35S-labelled proteins were synthesized using the TNT SP6 coupled transcription/translation kit (Promega). Typically, 5 μl of lysate was added to 150 μl of import reaction mixture containing mitochondria at 0.5 mg/ml in sorbitol-based import buffer, consisting of 0.6 M sorbitol, 50 mM KCl, 0.75 mg/ml L-methionine, 1 mg/ml fatty acid-free BSA, 50 mM Hepes/KOH (pH 7.4) and 2 mM EGTA. Import was performed at 25 °C for the times indicated and stopped by decanting an aliquot into a test tube containing 5 vol. of ice-cold 0.6 M sorbitol plus 50 μg/ml trypsin to stop import and to digest any surface-bound un-imported materials for 10 min. The mitochondria were re-isolated followed by resuspension in gel sample buffer for Tris/Tricine SDS/PAGE analysis and visualized by autoradiography. For analysis of the redox state of un-imported proteins, aliquots were removed from the import reaction and mitochondria were removed by centrifugation. The supernatant was added to sample buffer containing 10 mM AMS for thiol modification. Then, samples were subjected to non-reducing Tris/Tricine SDS/PAGE separation and visualized by autoradiography. The result was quantified by two-dimensional densitometry using Aida Image Analyser V.4.00, and the data were further analysed using a single or a double exponential function: y=y0+A1×exp(−k1×x)+A2×exp(−k2×x).
RESULTS AND DISCUSSION
Effects of glutathione on the cysteine-redox state of Tim9
Glutathione (GSH/GSSG) is considered the major thiol-disulfide redox buffer of the cytosol and has a standard redox potential of approx. −0.26 V at pH 7.4 . Therefore it is important to know the relative redox stability of a protein to glutathione, in order to ascertain whether disulfide bonds could form within the cytosol. To address this issue, the effects of GSH and GSSG on the redox state of purified Tim9 were investigated. First, oxidized Tim9, containing two native intramolecular disulfide bonds, was incubated with GSH at various concentrations for 2 h. Then, excess amount of thiol-specific reagent AMS was added to react covalently with reduced cysteine thiol groups of the protein. Under these conditions, reduced but not oxidized Tim9 was modified, with an increased molecular mass of approx. 0.5 kDa per thiol. The redox state was examined using non-reducing SDS/PAGE (Figure 1a). A clear difference in mobility of approx. 2 kDa between the oxidized (unmodified) and the TCEP-reduced Tim9 (Figure 1, lanes 1 and 2) was shown, which is consistent with our previous observation of reductive unfolding in the presence of DTT. More importantly, the result showed that oxidized Tim9 was stable against glutathione reduction; no reduced Tim9 was observed even in the presence of 10 mM GSH. Next, reduced Tim9 was incubated with GSH/GSSG at various conditions, followed by the AMS assay as described above (Figure 1b). The results showed that reduced Tim9 can be oxidized by GSSG under physiological glutathione redox conditions, even in the presence of as little as 2 μM GSSG and 2500-fold of GSH (Figure 1). Taken together, these results show that oxidized Tim9 is the thermodynamically stable form under the cytosolic glutathione conditions. The newly synthesized reduced protein can be oxidized in the cytosol in the absence of a cofactor to stabilize it.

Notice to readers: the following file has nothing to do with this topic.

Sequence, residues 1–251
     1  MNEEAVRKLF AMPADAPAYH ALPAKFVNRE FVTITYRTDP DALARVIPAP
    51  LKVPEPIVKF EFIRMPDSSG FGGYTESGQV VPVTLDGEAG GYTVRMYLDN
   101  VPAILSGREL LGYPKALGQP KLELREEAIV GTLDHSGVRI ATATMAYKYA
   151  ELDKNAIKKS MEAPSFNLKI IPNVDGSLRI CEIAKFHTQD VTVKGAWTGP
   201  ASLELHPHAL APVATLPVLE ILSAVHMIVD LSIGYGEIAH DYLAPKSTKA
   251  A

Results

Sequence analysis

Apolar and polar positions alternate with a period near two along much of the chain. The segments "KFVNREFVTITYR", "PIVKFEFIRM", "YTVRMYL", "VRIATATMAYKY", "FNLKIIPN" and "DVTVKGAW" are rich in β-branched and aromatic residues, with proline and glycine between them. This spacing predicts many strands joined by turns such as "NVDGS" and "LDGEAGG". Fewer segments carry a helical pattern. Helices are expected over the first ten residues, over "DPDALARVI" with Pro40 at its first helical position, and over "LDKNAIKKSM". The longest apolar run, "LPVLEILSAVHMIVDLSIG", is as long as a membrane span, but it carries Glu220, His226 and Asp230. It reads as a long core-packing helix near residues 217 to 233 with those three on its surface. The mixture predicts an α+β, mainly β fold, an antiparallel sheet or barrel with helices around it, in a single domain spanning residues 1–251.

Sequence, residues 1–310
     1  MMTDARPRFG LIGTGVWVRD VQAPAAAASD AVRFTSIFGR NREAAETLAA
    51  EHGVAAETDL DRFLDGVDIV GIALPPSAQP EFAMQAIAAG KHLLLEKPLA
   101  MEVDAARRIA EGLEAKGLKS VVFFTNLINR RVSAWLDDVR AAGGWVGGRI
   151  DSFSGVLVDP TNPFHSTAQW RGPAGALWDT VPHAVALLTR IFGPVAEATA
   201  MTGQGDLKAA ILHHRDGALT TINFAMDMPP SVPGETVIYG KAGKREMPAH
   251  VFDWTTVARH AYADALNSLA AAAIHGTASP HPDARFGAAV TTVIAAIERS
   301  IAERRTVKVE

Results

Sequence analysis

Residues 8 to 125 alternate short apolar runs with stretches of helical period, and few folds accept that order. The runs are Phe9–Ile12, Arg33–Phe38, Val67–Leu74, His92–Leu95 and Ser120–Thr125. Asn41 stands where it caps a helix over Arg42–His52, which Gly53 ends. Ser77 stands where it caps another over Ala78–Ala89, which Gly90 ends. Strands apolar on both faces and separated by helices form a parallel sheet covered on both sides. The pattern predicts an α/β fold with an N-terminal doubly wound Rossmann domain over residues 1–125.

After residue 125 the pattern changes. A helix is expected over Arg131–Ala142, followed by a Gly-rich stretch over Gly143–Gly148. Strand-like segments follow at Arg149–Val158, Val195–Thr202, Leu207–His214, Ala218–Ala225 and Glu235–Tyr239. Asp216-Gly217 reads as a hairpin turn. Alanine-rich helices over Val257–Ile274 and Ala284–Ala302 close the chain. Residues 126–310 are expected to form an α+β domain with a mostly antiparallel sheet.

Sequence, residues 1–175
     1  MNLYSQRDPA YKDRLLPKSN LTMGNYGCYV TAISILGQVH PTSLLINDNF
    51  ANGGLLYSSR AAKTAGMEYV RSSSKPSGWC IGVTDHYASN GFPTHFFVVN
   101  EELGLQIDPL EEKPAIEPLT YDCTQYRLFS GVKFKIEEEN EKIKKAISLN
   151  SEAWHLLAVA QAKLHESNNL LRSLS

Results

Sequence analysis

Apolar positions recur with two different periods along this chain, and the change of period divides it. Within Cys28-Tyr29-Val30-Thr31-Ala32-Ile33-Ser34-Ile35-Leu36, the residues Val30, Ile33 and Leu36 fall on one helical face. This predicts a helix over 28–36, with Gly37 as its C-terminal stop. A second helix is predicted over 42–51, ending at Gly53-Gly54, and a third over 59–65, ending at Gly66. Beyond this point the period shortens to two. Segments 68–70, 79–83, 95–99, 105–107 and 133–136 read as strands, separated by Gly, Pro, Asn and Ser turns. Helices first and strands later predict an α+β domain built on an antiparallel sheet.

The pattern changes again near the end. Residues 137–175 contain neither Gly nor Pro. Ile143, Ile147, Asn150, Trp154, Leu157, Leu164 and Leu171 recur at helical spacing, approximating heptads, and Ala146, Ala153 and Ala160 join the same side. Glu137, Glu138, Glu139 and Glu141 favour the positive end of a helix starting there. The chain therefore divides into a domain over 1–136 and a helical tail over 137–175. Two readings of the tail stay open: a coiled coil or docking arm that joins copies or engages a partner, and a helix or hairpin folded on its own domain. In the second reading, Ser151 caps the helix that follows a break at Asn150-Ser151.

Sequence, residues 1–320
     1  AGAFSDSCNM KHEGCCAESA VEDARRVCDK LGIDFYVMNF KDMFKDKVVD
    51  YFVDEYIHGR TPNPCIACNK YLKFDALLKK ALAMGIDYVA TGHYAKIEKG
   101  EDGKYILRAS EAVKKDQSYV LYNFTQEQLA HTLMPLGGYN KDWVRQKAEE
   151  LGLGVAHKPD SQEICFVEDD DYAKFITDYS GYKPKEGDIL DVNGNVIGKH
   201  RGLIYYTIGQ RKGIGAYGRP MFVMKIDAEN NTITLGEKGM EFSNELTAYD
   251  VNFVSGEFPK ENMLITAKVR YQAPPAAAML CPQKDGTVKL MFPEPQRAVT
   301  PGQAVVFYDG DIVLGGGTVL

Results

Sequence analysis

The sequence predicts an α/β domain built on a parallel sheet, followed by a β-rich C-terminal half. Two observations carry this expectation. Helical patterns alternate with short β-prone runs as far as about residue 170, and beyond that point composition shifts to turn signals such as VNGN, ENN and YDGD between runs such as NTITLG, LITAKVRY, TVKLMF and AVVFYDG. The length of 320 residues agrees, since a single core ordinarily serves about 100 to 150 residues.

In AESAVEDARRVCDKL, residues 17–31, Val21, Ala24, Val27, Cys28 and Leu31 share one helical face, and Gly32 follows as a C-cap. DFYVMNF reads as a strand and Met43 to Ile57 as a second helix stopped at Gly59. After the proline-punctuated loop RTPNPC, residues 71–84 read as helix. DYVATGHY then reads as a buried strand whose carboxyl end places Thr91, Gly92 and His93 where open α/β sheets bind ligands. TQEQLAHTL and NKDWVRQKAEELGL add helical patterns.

Effect of glutathione on the redox state of Tim9 measured by AMS assays
Determination of the standard redox potential of Tim9